8. Bristol Blenheim Mk.I 1:48 Airfix (A09190) At the time of its first flight in April 1935, the Bristol Blenheim was one of the most advanced aircraft of its type. It's fully metal, stressed skin construction, powered flaps, retractable landing gear and variable pitch propellers all helped it stand out from the biplanes then in service with the RAF. Powered by two Bristol Mercury radial engines, the Type 142 as it was originally know, was a very fast aircraft for its time. Such was the pace of aeronautical development in the 1930s though, that by the time war broke out in 1939, the Blenheim was dangerously outclassed by the modern fighters of the Luftwaffe. During the early stages of the War, Blenheims were used for some of the first raids on Germany and they continued to be deployed in raids on German occupied airfields during the Battle of Britain. Some notable successes were achieved, although arguably more a result of the heroism of the pilots than the capabilities of the aircraft; losses were unacceptably high. The Blenheim was outmatched as a fighter too, but as with many similar aircraft, it enjoyed more success when adapted for night fighting, at least until the more heavily armed Beaufighter entered service. The Blenheim saw action in the Far East as well, and a number of aircraft were exported to Finland before the outbreak of war. The Kit This is a new tool from Airfix which follows their 2018 Mk,1F. The kit arrives on six main sprues along with a clear sprue. The quality of the parts is excellent throughout. For a kit with large clear parts these are very well done and perfectly clear. Disappointingly for fans of modelling clichés, construction begins not with the cockpit but with the bomb bay behind it, this also incorporates the spars for the wings. The doors can be open or closed for this, but if you want them closed you will have to cut the door off to reposition them. Once this is made up then we can get to work on the cockpit starting with the pilots seat and its supporting framework. These parts are highly detailed and replicate the real thing, the control column goes in front of the seat. The seat attaches to the front of the bomb bay and the whole structure is slid into the left fuselage half. Details for the bomb aimers position then go in the nose with hs fold away seat going next to the pilots seat; to finish off here the main instrument panel is fitted. Continuing on in the left fuselage half at the rear the support for the tail wheel is added, then continuing forward the boards under the upper turret are added. Holes must be drilled for the rear mounted bomb racks. To the right fuselage half the the rear mounted radios are added and at the front another fold down seat in the nose. The fuselage halves can then be joined and the top insert added along with the upper escape hatch. With the fuselage buttoned up, attention turns to the wings. The inserts for the landing lights are added into the wing leading edge. Next up on the lower wings the lower engine nacelles go on. Into these fits the landing gear. Here like all of their models Airfix provide different parts for the gear up or down. More simplified parts being provided for the raised option. If doing the gear down then internal bulkheads need to be added in followed by construction of the complicated landing gear. This seems to accurately depict the complex gear in both its looks and multipart construction. The gear fits between the rear part which represent s the main spar and the front engine firewall. Once the gear is securely in each lower wing the rear part for the flap bay is added. Now the upper and lower wings can be assembled, and the wings added to the fuselage. Small inserts between the trailing edge and the fuselage finish this part of the build. Next up its time to look at the flying control surfaces. The tailplanes are built up. The fixed parts are split upper & lower and these trap in the single part control surface when they go together. Once built they can be added to the fuselage followed by the rudder. We can now move to the construction of the engines. Again these are quite detailed. While not a full engine it will appear so when viewed from the front. The front cylinder bank goes onto the main backing plate with additional engine parts and the hub going on the front. The exhausts then go onto the engine. Collector stubs are attached to the front single part of the collector ring which then mounts to the front of the engine. The structure behind this is then built up with one main lower part and left/right upper parts. A choice of open or closed cowl flaps is then provided for the rear. once the intakes are added the completed engines can be mounted to the wings. Now the flaps can be added to the main wings. These can be open or closed, however if the modeller wants to close them up they will have to remove some of the moulded in structure to enable them to close. Outboard of the flaps the single part ailerons are added, this finishes off the wings. The next major part to be constructed is the upper turret. Again this is quite a complicated structure like the real thing. To aid construction Airfix have proved a jig to get everything aligned correctly. The vertical assembly is at this point constructed horizontally, care will be needed with the instructions here to understand how it all fits. Once the structure is together and solid it can be removed from the jig and the glazing added. The complete assembly then slides down into the fuselage. We are now on the home straight. The wheels and front doors to the landing gear are added, followed by the tail wheel. A single part cover is provided if the bomb bay is to be closed up. If not then the outer doors are added followed by the bomb load. Additional smaller bombs and their racks are added to the rear fuselage (hopefully you opened up those holes at the beginning!) . Before fitting the cockpit glazing a pilot figure is provided if you want to use him. There are four parts of the large glazed area; left & right main parts, with two top parts. The last one can be placed in the closed position, or slid back into the open position. To finally finish off the landing lights area added along with the propellers, aerial mast and pitot tube. Decals The sheet is by Cartograf which guarantees quality with no issues. Two marking options are provided. No. 211 Sqn RAF, Menidi, Greece 1941 (As seen on the box art) No. 90 Sqn RAF, RAF Bicester, Autumn 1938. Conclusion This kit continues Airfix's rich vein of form. It is a beautifully made, high quality kit which is packed with detail and options. The accurate shape and fine surface detail makes this kit a real winner, with the slightly complex breakdown of parts the only real challenge. Highly recommended for fans of pre/early-war British aircraft. Review sample courtesy of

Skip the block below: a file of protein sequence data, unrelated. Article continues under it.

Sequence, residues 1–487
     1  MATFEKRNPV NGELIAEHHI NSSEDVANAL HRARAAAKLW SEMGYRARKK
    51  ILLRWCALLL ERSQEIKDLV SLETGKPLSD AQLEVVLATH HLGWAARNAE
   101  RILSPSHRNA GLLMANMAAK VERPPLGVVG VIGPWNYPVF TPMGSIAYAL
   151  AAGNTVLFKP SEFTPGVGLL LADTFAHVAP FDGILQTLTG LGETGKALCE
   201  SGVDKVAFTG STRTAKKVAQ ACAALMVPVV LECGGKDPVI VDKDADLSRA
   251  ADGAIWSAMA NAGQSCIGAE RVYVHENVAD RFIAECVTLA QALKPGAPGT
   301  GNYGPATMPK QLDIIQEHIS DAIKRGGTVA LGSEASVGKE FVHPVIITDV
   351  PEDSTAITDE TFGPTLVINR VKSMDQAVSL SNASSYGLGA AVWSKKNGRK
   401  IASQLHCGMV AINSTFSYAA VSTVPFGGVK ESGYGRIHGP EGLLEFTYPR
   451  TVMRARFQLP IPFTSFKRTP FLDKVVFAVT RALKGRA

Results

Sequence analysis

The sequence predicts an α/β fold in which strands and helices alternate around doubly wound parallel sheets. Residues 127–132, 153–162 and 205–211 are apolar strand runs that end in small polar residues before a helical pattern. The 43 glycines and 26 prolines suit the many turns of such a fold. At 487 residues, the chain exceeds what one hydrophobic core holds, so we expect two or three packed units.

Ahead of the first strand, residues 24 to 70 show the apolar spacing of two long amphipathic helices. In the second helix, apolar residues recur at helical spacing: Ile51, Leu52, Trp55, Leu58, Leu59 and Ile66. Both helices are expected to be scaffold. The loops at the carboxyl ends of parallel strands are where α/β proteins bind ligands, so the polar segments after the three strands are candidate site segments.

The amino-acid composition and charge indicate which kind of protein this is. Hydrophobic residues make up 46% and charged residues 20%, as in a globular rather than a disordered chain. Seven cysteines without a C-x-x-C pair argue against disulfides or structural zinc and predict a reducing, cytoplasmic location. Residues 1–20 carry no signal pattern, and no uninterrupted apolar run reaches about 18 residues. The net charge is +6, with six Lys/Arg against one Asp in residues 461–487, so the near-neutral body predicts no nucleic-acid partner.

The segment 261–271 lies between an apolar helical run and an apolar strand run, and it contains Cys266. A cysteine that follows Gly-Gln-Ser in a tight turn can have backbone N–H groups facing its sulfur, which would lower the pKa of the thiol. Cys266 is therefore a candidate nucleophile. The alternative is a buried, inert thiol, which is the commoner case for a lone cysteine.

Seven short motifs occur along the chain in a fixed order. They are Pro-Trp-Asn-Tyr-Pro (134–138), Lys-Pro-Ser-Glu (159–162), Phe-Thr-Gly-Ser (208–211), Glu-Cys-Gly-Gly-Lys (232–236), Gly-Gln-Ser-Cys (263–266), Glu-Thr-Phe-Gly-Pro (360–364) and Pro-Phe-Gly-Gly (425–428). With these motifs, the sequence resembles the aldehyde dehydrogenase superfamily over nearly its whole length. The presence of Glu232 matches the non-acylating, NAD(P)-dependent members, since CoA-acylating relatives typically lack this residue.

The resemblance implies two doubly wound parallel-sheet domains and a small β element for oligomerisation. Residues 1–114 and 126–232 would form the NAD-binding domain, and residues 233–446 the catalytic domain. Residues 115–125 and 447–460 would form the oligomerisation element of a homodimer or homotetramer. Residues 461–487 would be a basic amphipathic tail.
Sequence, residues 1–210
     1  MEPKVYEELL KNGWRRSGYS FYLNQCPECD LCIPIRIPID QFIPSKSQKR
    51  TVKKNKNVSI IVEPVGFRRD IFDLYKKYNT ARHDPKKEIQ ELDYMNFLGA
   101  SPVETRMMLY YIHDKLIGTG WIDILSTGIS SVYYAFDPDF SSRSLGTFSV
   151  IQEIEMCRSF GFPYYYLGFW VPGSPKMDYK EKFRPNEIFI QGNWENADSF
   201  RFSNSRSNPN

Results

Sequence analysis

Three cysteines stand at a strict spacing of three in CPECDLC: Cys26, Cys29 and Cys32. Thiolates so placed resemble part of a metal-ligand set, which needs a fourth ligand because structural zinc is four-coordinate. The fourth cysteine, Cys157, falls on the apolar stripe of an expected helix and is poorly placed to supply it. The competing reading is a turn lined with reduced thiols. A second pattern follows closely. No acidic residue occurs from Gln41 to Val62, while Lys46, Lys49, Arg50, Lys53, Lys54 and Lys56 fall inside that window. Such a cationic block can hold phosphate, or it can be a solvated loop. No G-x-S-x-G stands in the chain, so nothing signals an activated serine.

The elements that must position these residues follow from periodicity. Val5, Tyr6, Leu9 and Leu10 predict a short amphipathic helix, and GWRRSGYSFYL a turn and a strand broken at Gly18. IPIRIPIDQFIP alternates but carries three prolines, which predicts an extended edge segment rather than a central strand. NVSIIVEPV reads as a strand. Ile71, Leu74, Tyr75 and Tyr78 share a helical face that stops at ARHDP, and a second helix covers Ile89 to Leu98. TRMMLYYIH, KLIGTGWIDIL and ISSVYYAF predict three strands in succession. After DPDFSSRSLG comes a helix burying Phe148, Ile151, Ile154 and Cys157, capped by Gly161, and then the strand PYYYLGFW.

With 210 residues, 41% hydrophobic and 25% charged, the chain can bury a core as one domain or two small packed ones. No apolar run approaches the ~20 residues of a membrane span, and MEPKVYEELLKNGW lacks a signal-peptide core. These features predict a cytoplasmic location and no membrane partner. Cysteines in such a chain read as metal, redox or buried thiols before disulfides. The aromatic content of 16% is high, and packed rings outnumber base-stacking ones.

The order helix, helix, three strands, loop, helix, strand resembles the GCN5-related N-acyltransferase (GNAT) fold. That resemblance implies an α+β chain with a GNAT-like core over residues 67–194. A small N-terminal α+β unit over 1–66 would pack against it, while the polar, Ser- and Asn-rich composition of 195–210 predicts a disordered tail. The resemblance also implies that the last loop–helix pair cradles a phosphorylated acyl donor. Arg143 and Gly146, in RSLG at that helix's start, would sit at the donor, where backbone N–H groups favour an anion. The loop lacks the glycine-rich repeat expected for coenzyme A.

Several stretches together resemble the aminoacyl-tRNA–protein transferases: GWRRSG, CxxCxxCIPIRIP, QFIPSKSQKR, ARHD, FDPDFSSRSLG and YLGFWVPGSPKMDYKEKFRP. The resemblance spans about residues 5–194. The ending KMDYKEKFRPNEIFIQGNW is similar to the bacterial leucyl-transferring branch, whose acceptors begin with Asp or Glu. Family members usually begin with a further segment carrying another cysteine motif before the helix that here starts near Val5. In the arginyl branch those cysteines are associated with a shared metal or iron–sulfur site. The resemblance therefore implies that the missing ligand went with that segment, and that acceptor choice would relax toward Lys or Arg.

9. Bristol Blenheim Mk. IV, 89 Sqd., DK Decals. I have decided to make this very catchy a/c, with a nice shark mouth. So as always made some research for this build, found some nice photos of the a/c online. Then pulled the 89 sqd. records from The National Archives, to check if this Beaufighter equiped unit have had used a Blenheim. And found this. First entry is: 14.12.42, Z7709, W/Cdr. J.A.Leathart. D.S.O. 1600 - 1630 air test This must have been a test flight by the W/Cdr himself alone to accept the plane. there are recorded flight on the 15/12, 16/12, 17/12, 8/2/43, 22/2, 12.3.43, Z7709, F/O Harding, 2 passengers 1410 - Tripoli This is the last recorded flight. Have checked 3 mdr. further but no entries, so must have been turned over to another unit at Tripoli. F/O Harding must have returned straight away as he is flying Beaufighter V. 8374 on 13/3 1420 - 1510. So the info that photos show a Blenheim attached to 89. sqd. as a hack is correct, only the serial no. is wrong Z9585 is a Bleinheim, but not the one at 89. sqd. And i think that the Midstone/Dark Earth/Black is ok, as far as i can see. So would appreciate if any one had comments to this before i start the build. Cheers Jes